From Thomas Barclay6
ALS: American Philosophical Society
Amsterdam 24 Decemr. 1781
I have the honour to acquaint your Excellency that Mr. De Neufville has inform’d Mr. Adams and my self, that the owners of the two Vessells who have the Cloathing belonging to the United States in possession, have agreed to deliver it, upon getting a Receipt, and indemnification against Mr. Gillons demanding it hereafter. The stipulation which they want to make, is, to be paid the difference between the Cost of the Vessells and their present Value, and Eight thousand guilders for the Trouble, detention, insurance and other Expences which have been incurd in the transaction and if any difficulty arises in the adjustment of the Matter, it is to be intirely submitted to Congress; So that the goods, are in fact, to be given up unconditionaly, except with respect to the Receipt to prevent future Claims.— Mr. De Neufville offers to begin the delivery when we please, but as the goods are stored in various warehouses, and Mix’d with other Merchandize; it will be impossible to do any thing before the 27th. (the two intervening days being holidays) when we propose to begin the removal of them, and when I shall Compare the Marks and Numbers of the Packages with the Invoice.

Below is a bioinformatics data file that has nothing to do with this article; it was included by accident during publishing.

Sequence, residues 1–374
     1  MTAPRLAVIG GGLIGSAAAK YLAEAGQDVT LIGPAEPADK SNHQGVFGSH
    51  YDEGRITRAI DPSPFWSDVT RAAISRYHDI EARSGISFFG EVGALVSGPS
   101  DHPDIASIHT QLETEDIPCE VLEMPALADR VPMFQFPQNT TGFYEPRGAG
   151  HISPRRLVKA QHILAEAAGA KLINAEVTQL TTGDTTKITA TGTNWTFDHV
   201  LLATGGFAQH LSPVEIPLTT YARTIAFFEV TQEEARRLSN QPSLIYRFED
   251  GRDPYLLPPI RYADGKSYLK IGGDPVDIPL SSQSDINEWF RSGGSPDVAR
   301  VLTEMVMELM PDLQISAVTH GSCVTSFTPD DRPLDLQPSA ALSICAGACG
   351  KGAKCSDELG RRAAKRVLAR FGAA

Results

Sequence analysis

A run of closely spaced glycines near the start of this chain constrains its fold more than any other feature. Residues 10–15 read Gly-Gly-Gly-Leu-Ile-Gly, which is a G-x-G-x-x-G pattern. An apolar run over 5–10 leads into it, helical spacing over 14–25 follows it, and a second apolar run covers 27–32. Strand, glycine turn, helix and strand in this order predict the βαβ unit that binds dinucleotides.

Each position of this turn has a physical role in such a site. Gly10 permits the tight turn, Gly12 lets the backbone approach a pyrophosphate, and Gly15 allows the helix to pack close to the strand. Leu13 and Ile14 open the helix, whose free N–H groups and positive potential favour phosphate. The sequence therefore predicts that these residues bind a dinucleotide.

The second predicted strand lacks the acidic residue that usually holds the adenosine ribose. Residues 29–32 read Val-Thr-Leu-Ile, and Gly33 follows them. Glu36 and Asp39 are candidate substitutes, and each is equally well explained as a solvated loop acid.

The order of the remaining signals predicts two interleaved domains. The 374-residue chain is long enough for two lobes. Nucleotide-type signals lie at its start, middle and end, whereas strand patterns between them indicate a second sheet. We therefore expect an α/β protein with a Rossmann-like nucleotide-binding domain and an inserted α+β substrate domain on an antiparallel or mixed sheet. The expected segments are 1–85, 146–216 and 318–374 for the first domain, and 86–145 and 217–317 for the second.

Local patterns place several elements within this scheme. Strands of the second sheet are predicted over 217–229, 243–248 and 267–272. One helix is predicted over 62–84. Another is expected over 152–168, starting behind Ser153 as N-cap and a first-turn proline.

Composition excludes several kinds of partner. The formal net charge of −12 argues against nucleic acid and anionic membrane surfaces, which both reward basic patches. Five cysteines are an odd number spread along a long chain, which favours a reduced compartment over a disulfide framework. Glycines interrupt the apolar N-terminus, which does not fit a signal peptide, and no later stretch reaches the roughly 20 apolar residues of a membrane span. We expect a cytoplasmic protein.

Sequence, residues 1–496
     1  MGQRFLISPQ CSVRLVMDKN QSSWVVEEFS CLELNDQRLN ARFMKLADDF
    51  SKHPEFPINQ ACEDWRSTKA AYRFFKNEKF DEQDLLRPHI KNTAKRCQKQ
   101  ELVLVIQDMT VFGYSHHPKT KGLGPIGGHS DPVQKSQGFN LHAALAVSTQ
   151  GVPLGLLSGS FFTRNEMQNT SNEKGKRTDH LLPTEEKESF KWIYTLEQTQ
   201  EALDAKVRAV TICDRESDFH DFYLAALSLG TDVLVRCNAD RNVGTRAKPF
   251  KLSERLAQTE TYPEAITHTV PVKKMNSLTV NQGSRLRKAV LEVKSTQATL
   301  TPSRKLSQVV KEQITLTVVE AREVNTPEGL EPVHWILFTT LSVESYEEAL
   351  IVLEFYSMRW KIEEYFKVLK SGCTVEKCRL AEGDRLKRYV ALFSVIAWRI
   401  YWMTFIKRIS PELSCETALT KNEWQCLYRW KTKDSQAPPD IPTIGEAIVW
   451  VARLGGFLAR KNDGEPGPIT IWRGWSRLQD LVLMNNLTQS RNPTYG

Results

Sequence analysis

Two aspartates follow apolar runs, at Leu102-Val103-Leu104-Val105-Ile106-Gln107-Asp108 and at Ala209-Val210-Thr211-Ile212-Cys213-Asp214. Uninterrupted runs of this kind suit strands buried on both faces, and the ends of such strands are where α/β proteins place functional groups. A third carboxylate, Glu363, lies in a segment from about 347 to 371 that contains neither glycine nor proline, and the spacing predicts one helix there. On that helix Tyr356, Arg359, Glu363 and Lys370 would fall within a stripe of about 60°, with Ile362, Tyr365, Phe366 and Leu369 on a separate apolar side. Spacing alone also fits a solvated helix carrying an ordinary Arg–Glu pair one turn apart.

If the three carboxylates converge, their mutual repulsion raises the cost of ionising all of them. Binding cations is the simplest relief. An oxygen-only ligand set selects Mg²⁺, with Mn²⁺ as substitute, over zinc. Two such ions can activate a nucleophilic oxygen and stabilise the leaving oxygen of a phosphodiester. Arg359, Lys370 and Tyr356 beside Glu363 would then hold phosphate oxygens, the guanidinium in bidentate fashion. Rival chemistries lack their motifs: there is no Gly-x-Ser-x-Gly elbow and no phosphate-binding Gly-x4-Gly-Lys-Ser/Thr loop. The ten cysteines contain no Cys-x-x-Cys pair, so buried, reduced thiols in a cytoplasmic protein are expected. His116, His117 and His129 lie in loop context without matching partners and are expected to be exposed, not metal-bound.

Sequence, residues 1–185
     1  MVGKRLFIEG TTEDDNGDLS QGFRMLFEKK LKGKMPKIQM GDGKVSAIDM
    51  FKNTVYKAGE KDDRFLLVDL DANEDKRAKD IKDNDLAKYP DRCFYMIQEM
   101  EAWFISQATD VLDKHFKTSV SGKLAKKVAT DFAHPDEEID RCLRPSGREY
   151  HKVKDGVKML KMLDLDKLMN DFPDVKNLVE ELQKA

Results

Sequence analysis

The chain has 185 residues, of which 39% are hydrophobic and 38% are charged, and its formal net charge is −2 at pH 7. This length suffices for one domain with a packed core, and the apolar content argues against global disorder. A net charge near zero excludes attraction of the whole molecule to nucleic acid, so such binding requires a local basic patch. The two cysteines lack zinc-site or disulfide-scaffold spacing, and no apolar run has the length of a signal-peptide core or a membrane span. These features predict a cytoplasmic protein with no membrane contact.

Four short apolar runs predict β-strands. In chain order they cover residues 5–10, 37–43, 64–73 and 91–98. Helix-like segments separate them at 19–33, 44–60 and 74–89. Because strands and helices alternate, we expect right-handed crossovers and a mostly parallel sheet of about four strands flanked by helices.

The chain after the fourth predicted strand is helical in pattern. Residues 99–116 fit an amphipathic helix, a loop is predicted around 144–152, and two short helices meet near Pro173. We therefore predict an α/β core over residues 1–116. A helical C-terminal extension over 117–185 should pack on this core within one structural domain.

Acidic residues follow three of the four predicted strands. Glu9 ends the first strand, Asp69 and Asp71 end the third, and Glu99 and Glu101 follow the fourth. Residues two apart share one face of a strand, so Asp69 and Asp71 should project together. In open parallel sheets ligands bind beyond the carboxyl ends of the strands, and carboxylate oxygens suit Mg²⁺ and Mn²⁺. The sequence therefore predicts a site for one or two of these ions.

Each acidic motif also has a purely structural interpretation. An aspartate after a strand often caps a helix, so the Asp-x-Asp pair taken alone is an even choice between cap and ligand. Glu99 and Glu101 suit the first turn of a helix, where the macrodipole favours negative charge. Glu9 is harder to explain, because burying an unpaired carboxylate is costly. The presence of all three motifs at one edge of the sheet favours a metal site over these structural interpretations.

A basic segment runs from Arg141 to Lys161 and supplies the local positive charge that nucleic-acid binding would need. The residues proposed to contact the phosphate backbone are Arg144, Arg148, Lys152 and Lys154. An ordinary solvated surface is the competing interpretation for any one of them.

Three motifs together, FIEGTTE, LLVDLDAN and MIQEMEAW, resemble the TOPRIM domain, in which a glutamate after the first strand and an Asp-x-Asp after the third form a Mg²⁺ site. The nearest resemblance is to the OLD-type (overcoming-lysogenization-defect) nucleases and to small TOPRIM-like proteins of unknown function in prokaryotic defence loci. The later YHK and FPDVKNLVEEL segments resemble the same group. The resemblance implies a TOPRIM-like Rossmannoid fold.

I hope there is now an end to all trouble occasiond by the detention, but what steps may be necessary to take for the Transportation I Cannot at present point out.— I beg leave to take this occasion of thanking your Excellency and Mr. Franklin for the kind attention which I received from you at Passy, and to assure you that I am with great respect— Sir your Excellencys Most obed. and obliged huml Servant
His Excellency Doctor Franklin at Passy
Notation: M Barclay
6. To whom JA had just turned over responsibility for the dispute over the contested goods: JA to Neufville & fils, Dec. 24, 1781 (Mass. Hist. Soc.).